Thursday, June 7, 2012

What are the effects of credit card debt on your credit history?

I recently had to answer this question and here is my answer.

That is really a very broad question, so I will focus only on the effects that bad credit card debt has on your credit file and some of the potential consequences. By bad debt I mean the outstanding account balance on which even the minimum payments have not been made.

There are stages in the delinquency of credit card debt. If even the minimum payment has not been made for up to 90 days, the account will be still at the card issuing bank. It will be reported in your credit file simply as a late payment and it will be specified how late (30, 60 or 90 days). Your credit worthiness is slightly damaged and your credit score will drop a little bit.

If no payments have been made for more than 90 days, the account will be "charged-off". This refers to a debt, declared to be uncollectible and removed from the bank's balance sheet. Once charged-off, the account is sent to a collection agency and reported to the credit bureaus as a charged-off account. This is a lot more damaging than being late on a payment and your score will drop substantially.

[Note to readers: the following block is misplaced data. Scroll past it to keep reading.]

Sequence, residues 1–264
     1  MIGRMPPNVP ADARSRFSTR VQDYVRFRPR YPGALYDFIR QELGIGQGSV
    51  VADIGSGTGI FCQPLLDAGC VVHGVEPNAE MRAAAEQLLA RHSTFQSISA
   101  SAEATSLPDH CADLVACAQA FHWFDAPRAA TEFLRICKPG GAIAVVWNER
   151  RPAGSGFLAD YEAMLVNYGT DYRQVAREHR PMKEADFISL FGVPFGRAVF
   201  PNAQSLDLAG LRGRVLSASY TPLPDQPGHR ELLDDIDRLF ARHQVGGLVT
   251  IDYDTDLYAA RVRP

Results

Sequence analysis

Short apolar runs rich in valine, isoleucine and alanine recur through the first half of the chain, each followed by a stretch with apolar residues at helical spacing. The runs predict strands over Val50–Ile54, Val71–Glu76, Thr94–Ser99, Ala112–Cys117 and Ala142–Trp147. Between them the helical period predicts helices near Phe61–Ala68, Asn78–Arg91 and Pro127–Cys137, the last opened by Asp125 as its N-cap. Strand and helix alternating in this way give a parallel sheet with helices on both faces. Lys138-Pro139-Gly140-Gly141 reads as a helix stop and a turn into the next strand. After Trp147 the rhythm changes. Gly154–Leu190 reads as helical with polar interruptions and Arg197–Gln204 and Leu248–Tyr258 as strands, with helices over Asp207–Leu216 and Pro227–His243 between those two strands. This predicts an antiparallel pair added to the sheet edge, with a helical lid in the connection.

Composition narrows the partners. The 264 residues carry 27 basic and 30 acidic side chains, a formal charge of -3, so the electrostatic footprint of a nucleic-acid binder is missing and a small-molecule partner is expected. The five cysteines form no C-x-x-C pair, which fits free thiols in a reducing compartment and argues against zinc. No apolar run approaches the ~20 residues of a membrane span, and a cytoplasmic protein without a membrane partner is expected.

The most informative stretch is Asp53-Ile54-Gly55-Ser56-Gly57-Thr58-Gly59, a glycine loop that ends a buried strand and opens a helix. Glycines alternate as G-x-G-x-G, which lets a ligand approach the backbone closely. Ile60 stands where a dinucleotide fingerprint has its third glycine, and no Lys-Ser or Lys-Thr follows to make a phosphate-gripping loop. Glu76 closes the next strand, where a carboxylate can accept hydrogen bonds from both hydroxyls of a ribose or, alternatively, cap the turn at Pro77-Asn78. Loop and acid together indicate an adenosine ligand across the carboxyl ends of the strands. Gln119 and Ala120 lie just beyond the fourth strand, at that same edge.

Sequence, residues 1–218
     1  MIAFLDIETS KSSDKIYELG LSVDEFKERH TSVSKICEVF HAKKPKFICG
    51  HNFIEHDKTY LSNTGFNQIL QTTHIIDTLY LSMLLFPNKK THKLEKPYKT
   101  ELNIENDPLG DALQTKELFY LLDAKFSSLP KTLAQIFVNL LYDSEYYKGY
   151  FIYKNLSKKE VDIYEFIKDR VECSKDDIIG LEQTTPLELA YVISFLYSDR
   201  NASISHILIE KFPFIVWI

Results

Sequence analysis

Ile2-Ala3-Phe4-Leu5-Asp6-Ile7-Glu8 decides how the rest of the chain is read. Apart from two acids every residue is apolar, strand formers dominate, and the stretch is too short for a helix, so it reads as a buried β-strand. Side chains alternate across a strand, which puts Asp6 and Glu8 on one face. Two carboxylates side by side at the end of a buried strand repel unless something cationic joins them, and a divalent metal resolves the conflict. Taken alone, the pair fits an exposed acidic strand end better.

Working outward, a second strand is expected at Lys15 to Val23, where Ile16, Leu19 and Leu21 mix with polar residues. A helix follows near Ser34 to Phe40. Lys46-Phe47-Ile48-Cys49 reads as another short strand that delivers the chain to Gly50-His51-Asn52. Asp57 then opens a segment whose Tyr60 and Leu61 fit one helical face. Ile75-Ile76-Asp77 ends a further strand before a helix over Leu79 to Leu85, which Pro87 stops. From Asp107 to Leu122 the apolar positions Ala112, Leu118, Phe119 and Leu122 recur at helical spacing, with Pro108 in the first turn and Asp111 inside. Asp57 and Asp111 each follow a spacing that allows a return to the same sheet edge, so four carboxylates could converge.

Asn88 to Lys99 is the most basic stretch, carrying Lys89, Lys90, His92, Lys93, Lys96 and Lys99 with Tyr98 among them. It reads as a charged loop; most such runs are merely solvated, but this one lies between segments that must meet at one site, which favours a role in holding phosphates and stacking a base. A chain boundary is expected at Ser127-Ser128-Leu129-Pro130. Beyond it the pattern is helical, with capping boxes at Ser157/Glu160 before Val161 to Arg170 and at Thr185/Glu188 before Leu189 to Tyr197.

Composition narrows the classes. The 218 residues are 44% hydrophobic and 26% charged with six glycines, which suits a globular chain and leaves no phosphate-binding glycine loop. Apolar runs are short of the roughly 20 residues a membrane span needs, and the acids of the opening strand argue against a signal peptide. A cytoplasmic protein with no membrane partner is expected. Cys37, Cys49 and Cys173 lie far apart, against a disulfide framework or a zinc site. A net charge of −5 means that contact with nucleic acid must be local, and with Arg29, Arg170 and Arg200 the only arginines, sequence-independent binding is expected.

The collection agency usually has the account for no longer than 60-90 days and their settlement parameters are very rigid. Typically they will not accept a settlement for an amount smaller than 80%-90% of the outstanding balance (including interest and other financial charges).

After 60-90 days, the bank will recall the account from the collection agency, place it in a pool of charged-off accounts, that have already gone through the same cycle, and sell it to a debt buyer. A typical bank sells such accounts quarterly.

Once a debt buyer gets the account, they become the new creditor and can report the account again to the credit bureaus. So 1 account can generate several derogatory notes in your credit file, each one further damaging your score.

If it remains unpaid, the debt buyer can and will sell the account to another debt buyer and the story will repeat itself.

The earlier in this cycle the account is paid, the better for the credit history. It will be updated as a "paid collection" account, which is a great deal better than showing as a collection account. Yet, it will take time for the credit score to get back to where it was before the delinquency.

How has credit card debt affected your own credit score? How did you deal with it?

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2 comments:

Roy said...

That is one of the most detailed descriptions I've seen.

Maria said...

So how many times can the account be sold?